Antibiotic resistance evolution is studied

Harvard University scientists say Darwinian evolution follows very few of the available mutational pathways to attain fitter proteins.

The study involved a gene whose mutant form increases bacterial resistance to a widely prescribed antibiotic by a factor of roughly 100,000.

The researchers' work indicates that of 120 five-step mutational paths that theoretically could grant antibiotic resistance, only about 10 actually endow bacteria with a meaningful evolutionary advantage.

"Just as there are many alternate routes one might follow in driving from Boston to New York, one intrinsic property of DNA is that very many distinct mutational paths link any two variants of a gene," said lead author Daniel Weinreich, a research associate in Harvard's department of organismic and evolutionary biology.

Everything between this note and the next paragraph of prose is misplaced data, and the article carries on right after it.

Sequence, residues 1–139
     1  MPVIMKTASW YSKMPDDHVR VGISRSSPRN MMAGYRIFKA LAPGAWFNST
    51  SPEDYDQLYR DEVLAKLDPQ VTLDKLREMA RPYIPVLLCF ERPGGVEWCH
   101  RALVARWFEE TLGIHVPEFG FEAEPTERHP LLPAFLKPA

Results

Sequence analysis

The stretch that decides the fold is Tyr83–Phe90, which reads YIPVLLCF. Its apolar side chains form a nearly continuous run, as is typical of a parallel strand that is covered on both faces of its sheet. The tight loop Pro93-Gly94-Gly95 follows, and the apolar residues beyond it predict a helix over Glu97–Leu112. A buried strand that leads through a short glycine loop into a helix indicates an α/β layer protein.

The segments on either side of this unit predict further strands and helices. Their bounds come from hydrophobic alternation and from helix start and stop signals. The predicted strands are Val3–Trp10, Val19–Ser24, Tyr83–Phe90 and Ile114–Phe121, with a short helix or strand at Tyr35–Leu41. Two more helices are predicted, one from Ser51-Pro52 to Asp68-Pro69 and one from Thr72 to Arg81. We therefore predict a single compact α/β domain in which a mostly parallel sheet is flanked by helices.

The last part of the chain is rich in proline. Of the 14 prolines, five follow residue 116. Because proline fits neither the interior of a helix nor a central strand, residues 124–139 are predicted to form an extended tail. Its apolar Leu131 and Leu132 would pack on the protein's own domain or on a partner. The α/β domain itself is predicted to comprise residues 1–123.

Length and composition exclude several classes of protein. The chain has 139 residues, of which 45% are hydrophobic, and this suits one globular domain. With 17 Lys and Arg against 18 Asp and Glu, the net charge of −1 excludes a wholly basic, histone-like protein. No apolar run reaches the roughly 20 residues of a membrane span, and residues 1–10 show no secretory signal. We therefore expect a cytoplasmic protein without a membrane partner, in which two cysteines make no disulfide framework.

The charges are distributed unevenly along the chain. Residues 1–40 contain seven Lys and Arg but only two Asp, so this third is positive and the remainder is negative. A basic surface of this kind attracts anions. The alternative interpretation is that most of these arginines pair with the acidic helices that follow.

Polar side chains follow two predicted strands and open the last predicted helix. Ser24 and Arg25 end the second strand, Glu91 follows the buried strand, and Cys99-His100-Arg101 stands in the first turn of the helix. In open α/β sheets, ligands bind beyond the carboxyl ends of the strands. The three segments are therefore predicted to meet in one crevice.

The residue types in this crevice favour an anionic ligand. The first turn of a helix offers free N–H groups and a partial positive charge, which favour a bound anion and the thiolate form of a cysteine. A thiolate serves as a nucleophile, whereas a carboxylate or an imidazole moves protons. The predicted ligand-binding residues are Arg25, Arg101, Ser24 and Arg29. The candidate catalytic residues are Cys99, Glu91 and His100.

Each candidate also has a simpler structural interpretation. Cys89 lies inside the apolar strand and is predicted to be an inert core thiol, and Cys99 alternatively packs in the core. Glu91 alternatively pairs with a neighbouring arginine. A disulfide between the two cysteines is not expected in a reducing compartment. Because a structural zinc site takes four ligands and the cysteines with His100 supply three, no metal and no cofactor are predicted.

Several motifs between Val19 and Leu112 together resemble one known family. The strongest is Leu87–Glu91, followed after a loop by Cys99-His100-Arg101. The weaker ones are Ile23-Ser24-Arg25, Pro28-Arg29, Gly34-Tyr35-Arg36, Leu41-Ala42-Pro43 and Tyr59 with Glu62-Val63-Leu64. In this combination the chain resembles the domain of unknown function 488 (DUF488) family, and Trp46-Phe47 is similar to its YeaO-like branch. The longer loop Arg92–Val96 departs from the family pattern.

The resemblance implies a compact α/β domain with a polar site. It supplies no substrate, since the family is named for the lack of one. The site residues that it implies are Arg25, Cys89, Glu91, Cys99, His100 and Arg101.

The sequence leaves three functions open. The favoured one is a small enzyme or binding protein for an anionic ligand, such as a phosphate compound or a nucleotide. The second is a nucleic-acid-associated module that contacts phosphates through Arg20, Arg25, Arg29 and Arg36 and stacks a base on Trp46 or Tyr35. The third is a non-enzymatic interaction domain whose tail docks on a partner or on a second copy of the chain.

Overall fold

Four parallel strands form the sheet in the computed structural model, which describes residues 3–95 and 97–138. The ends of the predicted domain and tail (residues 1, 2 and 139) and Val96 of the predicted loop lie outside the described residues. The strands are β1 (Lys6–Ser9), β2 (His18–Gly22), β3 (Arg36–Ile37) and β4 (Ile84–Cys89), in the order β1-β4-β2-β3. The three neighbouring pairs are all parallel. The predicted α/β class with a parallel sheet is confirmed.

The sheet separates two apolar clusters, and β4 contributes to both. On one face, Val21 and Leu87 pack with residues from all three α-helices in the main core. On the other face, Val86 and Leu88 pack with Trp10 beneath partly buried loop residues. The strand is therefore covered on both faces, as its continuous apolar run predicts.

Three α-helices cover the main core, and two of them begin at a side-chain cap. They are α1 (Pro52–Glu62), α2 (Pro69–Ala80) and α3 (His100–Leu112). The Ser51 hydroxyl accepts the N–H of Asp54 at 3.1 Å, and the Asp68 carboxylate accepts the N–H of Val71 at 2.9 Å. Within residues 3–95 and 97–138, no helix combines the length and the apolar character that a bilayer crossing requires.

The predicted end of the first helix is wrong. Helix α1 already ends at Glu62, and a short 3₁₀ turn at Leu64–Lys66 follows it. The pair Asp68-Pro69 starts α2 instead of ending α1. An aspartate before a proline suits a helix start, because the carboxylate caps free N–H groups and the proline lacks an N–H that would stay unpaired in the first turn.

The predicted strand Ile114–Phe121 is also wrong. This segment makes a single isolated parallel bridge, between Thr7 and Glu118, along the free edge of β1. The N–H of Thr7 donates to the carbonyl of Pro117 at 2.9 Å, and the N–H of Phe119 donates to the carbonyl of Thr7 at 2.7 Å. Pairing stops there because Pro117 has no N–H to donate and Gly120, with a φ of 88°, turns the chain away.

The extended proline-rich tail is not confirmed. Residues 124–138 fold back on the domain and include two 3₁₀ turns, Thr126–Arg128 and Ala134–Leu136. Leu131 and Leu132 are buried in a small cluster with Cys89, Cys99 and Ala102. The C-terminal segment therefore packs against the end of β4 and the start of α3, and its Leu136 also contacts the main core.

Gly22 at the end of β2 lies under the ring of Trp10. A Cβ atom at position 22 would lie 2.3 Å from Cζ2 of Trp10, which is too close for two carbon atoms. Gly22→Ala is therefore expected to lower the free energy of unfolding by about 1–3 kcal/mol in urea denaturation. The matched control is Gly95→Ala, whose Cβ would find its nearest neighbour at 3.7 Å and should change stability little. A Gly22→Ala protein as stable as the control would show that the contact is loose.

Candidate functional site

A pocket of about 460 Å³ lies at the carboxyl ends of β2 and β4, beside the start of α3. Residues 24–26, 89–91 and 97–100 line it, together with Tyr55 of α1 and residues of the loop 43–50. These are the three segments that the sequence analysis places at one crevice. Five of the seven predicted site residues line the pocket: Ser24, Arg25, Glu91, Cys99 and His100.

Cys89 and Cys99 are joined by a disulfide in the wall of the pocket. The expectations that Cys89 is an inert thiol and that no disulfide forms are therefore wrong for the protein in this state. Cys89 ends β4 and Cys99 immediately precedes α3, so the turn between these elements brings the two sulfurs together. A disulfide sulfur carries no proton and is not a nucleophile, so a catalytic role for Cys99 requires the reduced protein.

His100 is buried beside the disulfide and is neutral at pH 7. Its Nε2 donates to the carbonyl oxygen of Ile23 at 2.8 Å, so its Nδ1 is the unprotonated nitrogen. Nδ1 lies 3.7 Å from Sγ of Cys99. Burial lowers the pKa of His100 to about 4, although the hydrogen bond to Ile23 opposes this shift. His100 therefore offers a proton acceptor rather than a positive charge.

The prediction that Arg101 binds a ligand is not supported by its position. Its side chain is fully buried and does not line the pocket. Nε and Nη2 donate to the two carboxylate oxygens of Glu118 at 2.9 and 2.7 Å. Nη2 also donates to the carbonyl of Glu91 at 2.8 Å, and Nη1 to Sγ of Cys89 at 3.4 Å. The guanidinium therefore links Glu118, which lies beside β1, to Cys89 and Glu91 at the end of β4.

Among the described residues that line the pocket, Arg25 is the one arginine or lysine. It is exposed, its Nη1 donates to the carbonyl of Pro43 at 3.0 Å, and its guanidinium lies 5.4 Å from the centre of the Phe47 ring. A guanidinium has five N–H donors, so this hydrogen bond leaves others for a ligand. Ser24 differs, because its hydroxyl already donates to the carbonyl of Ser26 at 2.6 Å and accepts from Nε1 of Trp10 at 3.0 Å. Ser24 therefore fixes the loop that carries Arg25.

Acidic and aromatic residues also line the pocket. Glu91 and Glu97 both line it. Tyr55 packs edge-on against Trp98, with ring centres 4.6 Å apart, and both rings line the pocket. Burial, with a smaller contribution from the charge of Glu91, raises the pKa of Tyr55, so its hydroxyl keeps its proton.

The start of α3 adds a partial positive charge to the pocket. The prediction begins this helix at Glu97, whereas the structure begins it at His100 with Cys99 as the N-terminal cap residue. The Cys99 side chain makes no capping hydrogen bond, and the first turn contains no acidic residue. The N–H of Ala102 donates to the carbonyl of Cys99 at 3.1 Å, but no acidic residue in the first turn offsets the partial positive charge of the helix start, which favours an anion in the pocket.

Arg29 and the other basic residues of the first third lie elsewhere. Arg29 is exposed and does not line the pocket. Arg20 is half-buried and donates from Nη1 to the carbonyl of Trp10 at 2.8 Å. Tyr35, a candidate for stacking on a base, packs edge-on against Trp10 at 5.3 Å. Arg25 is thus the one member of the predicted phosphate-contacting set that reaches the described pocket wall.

"Although this fact has been recognized for at least 35 years, its implications for evolution by natural selection have remained unexplored," Weinreich said. "Specifically, it is of great interest to determine whether natural selection regards these many mutational paths equivalently."

The research is detailed in the journal Science.

Copyright 2006 by United Press International


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Citation: Antibiotic resistance evolution is studied (2006, April 11) retrieved 18 October 2019 from https://phys.org/news/2006-04-antibiotic-resistance-evolution.html
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